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Tamoxifen-resistance in MCF7 cells promotes EMT-like behaviour and involves modulation of [beta]-catenin phosphorylation

Hiscox, Stephen Edward, Jiang, Wen Guo, Obermeier, Kathrin, Taylor, Kathryn Mary, Morgan, Liam David, Burmi, Rajpal Singh, Barrow, Denise and Nicholson, Robert Ian 2006. Tamoxifen-resistance in MCF7 cells promotes EMT-like behaviour and involves modulation of [beta]-catenin phosphorylation. International journal of cancer 118 (2) , pp. 290-301. 10.1002/ijc.21355

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Abstract

We have previously demonstrated that, following acquisition of endocrine resistance, breast cancer cells display an altered growth rate together with increased aggressive behaviour in vitro. Since dysfunctional cell–cell adhesive interactions can promote an aggressive phenotype, we investigated the integrity of this protein complex in our breast cancer model of tamoxifen resistance. In culture, tamoxifen-resistant MCF7 (TamR) cells grew as loosely packed colonies with loss of cell–cell junctions and demonstrated altered morphology characteristic of cells undergoing epithelialto-mesenchymal transition (EMT). Neutralising E-cadherin function promoted the invasion and inhibited the aggregation of endocrine-sensitive MCF7 cells, whilst having little effect on the behaviour of TamR cells. Additionally, TamR cells had increased levels of tyrosine-phosphorylated b-catenin, whilst serine/threoninephosphorylated b-catenin was decreased. These cells also displayed loss of association between b-catenin and E-cadherin, increased cytoplasmic and nuclear b-catenin and elevated transcription of b-catenin target genes known to be involved in tumour progression and EMT. Inhibition of EGFR kinase activity in TamR cells reduced b-catenin tyrosine phosphorylation, increased b-catenin–E-cadherin association and promoted cell–cell adhesion. In such treated cells, the association of b-catenin with Lef-1 and the transcription of c-myc, cyclin-D1, CD44 and COX-2 were also reduced. These results suggest that homotypic adhesion in tamoxifen-resistant breast cancer cells is dysfunctional due to EGFR-driven modulation of the phosphorylation status of b-catenin and may contribute to an enhanced aggressive phenotype and transition towards a mesenchymal phenotype in vitro.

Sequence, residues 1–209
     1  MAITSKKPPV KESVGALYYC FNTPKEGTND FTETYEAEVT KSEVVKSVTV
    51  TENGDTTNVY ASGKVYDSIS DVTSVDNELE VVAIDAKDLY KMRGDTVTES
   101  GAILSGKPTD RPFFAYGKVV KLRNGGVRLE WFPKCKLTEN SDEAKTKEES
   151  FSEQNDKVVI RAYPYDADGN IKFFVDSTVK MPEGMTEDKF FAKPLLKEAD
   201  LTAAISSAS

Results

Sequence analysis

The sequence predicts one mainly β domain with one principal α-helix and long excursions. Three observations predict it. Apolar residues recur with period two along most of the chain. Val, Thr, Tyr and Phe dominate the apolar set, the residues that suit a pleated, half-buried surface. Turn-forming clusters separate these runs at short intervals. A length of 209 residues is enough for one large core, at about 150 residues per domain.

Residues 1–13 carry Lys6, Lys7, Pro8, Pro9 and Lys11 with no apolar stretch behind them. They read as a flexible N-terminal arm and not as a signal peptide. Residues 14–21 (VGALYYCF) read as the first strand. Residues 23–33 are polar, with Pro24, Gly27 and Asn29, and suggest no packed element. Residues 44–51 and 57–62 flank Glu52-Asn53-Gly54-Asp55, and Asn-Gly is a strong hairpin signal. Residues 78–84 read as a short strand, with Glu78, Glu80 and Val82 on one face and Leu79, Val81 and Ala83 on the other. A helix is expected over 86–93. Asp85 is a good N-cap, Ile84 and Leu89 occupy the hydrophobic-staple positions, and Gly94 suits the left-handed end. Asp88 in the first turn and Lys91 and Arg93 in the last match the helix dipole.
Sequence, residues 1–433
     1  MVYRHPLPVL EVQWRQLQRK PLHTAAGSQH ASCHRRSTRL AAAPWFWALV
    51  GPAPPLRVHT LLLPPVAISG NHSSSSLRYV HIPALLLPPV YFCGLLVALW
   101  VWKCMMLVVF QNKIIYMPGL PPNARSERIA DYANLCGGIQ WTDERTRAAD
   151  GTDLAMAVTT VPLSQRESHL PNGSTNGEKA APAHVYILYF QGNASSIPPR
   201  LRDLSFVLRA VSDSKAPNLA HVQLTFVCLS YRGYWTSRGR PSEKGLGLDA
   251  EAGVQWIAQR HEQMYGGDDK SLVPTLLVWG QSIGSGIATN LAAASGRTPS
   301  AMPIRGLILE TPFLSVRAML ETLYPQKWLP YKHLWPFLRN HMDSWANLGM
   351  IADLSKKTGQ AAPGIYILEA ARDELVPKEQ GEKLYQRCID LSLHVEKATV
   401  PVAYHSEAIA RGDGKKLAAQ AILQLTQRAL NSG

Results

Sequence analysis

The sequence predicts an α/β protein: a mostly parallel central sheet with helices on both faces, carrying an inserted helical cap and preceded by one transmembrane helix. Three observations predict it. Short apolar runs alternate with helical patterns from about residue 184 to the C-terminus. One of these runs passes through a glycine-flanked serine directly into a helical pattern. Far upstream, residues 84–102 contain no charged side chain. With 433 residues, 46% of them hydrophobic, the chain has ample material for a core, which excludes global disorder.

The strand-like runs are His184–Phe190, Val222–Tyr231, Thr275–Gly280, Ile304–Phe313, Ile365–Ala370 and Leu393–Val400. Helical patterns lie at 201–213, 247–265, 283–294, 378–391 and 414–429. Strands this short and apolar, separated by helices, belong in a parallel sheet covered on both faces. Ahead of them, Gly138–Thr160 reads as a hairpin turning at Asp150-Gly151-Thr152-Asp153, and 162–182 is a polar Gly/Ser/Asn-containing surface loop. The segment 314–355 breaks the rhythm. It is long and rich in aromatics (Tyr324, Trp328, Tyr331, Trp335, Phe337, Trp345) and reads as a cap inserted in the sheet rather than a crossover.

Item Type: Article
Date Type: Publication
Status: Published
Schools: Pharmacy
ISSN: 10970215
Last Modified: 15 Dec 2017 08:35
URI: http://orca-mwe.cf.ac.uk/id/eprint/925

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